“They paved paradise and put up a parking lot,” crooned Joni Mitchell in 1970 in “Big Yellow Taxi.” But increasingly in New York City, the situation has been reversed: developers are tearing down parking lots and constructing residential and commercial buildings.
In fact, parking garages are fading and being swallowed up by developers with unlimited appetites for space and the checkbooks to back up their wishes.
Take the case of hotelier Sam Chang, of McSam Hotel Group, who just two weeks ago picked up a parking lot in the Times Square area through a long-term land lease. Mr. Chang partnered with M&R Hotel Group, a development company that purchases and builds hotels, to acquire the 35,400-square-foot through-block site at 322-326 West 44th Street between Eighth and Ninth Avenues in a 99-year net lease. M&R is planning for a 100-plus-room hotel at the site. Then last week, Mr. Chang picked up yet another lot at 111-115 East 24th Street with plans for another 100-plus-room hotel.
“Every time real estate is booming in New York, everyone looks at the parking lot first,” said Sam Schwartz, the former New York City Traffic Commissioner (the traffic department became subsumed by the Department of Transportation), who runs an eponymous consulting firm.
Parking lots are easy prey for developers.
“You have no tenants to kick out,” Mr. Schwartz asserted. “Neighbors aren’t upset about losing a parking lot as opposed to a favorite restaurant.”
That’s exactly what real estate developer Dan Hollander, managing principal of DHA Capital, had in mind when his firm acquired a garage on East 13th Street to turn into an eight-unit condo. Units start at $7.5 million and spike to $30.5 million for the penthouse. “You get vacant possession,” he said, so tenants don’t have to be coerced out or paid off.
Mr. Hollander acknowledged that the days of freestanding parking lots are fast fading away in Manhattan. “They’re only going to stay to the extent that it can’t be developed as anything else,” he said.
New York City encompasses about 1,100 parking facilities. The city’s biggest chains such as Central Parking and Standard Parking (both now owned by SP+) and Icon Parking continue to dominate parking garages, which previously blended with a healthy mix of independently owned facilities.
“Very few mom and pops still own parking lots,” Mr. Schwartz said. “Parking has become big business.”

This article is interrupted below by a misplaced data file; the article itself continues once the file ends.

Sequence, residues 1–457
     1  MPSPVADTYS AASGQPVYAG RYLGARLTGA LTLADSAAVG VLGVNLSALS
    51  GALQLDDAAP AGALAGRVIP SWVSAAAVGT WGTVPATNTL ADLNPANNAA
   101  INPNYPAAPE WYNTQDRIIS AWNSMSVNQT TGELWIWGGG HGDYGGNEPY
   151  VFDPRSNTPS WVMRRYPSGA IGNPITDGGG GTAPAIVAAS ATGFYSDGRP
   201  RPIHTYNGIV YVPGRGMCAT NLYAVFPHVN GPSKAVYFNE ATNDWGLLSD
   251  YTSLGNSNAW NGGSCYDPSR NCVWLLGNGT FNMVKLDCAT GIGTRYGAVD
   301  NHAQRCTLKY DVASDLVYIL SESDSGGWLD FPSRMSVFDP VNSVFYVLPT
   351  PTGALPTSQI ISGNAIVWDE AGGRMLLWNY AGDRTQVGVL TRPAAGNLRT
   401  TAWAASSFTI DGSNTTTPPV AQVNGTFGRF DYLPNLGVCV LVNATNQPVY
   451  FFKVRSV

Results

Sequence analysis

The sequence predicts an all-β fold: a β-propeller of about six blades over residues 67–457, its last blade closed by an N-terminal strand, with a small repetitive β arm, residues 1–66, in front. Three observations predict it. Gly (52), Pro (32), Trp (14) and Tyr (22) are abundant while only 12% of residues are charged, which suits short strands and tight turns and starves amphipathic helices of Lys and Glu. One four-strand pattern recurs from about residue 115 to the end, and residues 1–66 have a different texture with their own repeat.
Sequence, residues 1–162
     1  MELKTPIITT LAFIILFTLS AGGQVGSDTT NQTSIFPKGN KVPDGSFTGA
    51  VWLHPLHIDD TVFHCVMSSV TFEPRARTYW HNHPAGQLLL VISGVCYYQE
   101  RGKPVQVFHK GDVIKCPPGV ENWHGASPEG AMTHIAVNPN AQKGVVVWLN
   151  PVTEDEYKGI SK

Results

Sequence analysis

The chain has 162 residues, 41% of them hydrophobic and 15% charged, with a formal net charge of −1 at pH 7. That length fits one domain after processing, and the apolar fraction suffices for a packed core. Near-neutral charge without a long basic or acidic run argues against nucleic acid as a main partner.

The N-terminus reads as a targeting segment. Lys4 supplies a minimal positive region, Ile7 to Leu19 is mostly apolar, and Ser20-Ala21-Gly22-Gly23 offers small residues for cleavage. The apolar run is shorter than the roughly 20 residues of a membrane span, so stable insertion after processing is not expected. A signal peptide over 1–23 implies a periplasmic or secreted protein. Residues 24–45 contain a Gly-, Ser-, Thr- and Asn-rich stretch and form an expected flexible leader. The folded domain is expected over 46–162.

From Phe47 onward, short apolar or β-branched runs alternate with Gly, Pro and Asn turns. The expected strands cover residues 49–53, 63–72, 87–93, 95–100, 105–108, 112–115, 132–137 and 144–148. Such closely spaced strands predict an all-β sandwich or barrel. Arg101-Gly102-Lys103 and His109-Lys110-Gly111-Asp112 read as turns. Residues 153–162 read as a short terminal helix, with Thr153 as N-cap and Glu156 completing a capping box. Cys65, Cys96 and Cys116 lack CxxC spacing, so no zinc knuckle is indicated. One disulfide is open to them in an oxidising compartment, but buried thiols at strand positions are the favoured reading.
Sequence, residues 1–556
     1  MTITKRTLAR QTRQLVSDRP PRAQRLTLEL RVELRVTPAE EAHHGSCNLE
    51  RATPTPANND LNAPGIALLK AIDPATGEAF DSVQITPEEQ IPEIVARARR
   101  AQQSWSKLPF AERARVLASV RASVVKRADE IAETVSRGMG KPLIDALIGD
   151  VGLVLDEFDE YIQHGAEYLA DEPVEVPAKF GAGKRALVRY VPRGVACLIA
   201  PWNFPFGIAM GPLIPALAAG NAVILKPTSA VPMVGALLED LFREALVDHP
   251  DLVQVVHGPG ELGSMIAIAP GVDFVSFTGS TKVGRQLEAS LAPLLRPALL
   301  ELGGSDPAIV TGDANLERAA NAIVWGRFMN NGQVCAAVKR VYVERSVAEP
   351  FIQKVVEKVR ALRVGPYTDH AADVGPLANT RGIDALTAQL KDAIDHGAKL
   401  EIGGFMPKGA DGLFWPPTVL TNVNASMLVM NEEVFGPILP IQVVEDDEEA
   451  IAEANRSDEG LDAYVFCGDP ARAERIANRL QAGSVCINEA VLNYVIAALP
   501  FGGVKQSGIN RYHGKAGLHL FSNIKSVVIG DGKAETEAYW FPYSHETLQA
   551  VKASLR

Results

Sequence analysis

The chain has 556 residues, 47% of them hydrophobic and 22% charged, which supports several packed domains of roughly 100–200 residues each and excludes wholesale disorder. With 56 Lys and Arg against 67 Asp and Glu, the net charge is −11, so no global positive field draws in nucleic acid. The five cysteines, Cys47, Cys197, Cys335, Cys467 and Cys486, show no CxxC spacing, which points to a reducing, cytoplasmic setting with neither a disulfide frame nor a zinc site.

But the future of parking lots is dim.
“It’s going to be harder and harder to find off-street parking facilities in Manhattan as time goes on,” Mr. Schwartz said. “Those parking facilities will be for the 1 percent of the 1 percent.” (Case in point: At Mr. Hollander’s new East 13th Street building, there are 11 spaces in a robotic-automated system. Its tenants likely own “weekend cars and city cars,” Mr. Hollander said, explaining why there are more spots than dwellings. Every condo owner is provided with one parking spot; additions cost $500,000 each. And there are even more eye-popping examples—at the new condo at 42 Crosby Street parking spots are going for a cool $1 million.)
Michael K. Wolf, the chief administrative officer for SP+, said garages are on the decline due to “development of open lots and freestanding garages for commercial use [for buildings] such as residential and office buildings and boutique hotels. While some of those new facilities include garages, they’re usually much smaller. The net result is fewer spaces with more demand.”
Even when garages charge a hefty $75 a day for parking, fees can’t compete with development dollars.
“It is difficult to achieve a sufficient investment return by developing parking alone,” Mr. Wolf acknowledged.
Moreover, Mr. Wolf envisioned that those astronomical rates are likely to move in one direction: up.
“As supply goes down or as demand goes up, rates go up as well,” he stated.
Icon has been expanding, while Central and Standard have been shrinking. Icon expanded from 185 facilities to over 200 in the last few years while Central has dwindled from 250 garages to 191. Several calls to Icon went unreturned, until it finally said, “No one here has any comment at this time.” But clearly some garage owners are benefiting from these closures.
Ron Solarz, a commercial broker and executive managing director at Eastern Consolidated, said that not a week goes by that his phone doesn’t ring with a call from a parking lot owner who asks him to value his property.
“Developments are hot, rentals are hot, condos are hot,” Mr. Solarz said. “It’s a time when they are more valuable as development sites as opposed to being run as parking garages.”